'I wouldn’t be surprised if many Macca owners end up commuting in their cars. Because it’s user-friendly and comfortable enough to do so. You can’t say that about a Lamborghini.'
Chas Hallett, editor Autocar (UK)
'There isn’t a single car I’m looking forward to driving more next year than the new McLaren. As a brand new car from the ground up, it’s just such an unknown quantity. What will the steering feel like? How will it sound? Will the ride comfort really match a Mercedes E-class’s, as Ron Dennis claims? The tech impresses and I’ll be amazed if the driving experience doesn’t match up. With the striking new Ferrari 458 Italia due, it can’t afford to disappoint. But the styling is disappointingly bland. I think McLaren missed an opportunity to create something really distinctive. What a shame ex-Ferrari man Frank Stephenson was only involved after the design had pretty much been finalised. And the name is just daft. I wonder if, like the Ferrari that Maranello called the 365 GTB/4 and everyone else called Daytona, the McLaren will be given an unofficial name by the public. How does Woking sound to you?'
Chris Chilton, assistant editor CAR Magazine (UK)
'I like the size. Too many road cars now are big and wide. I like the compactness of this car. I think it is better looking than the Ferrari and other cars that it will go up against.'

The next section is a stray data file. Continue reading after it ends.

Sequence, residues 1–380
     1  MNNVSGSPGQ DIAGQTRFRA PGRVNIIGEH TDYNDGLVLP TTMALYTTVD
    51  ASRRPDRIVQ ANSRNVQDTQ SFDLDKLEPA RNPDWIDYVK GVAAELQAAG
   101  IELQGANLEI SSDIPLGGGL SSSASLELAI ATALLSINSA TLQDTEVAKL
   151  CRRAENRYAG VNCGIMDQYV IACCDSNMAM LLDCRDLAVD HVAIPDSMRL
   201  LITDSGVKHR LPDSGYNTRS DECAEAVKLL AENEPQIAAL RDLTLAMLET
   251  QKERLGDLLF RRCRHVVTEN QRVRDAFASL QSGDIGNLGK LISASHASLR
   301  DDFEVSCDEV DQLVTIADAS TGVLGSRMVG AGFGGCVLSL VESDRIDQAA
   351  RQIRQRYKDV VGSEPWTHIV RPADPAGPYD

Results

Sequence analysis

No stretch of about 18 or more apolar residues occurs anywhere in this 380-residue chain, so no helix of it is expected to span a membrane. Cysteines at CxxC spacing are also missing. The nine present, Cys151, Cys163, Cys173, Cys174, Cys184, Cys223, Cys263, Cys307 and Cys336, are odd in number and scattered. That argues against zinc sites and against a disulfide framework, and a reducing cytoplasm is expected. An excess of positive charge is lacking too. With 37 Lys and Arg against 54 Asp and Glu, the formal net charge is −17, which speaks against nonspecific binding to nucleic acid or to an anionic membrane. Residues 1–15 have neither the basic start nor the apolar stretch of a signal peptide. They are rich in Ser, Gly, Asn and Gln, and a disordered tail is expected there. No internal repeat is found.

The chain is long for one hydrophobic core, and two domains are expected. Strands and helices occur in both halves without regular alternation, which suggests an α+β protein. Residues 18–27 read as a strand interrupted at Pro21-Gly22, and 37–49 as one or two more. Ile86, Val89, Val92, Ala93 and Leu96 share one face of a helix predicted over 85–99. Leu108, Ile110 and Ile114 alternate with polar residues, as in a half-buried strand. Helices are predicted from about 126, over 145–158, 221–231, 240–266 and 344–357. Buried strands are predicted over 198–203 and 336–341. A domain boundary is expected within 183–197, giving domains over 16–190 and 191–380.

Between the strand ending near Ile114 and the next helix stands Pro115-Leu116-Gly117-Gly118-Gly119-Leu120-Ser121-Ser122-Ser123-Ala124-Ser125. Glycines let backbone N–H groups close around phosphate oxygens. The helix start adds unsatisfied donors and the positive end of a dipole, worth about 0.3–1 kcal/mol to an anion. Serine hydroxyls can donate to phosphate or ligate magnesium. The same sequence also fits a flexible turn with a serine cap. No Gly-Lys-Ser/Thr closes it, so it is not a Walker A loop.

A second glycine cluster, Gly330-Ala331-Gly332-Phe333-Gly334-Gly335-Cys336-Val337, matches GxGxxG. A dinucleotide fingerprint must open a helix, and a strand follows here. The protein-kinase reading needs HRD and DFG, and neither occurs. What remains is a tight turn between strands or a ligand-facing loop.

Jay Leno, US chat show host and car fanatic. For full interview, buy the November 2009 issue of CAR
'Let's be blunt – a lot of supercars in this price bracket are purchased by people more concerned with their car's looks and less with the intricacies of its development and construction. The McLaren’s default looks are its biggest drawback. It’s looks generic and lacks true character. Sure, those ticks on the side are a clever hat-tip to the McLaren logo, but to most people they are just air intakes. The front end is bland and that black grinning intake looks rather Kia-esque. It's beautifully built and, as expected, employs the sharpest of cutting edge material and production technologies. Everything is bespoke, it will be searingly quick and no doubt deliver the level of engagement that will have numerous rivals sagging on the dynamic ropes. But I wish it had the looks that reflected the engineering passion and unwavering integrity that I know has been lavished on it.'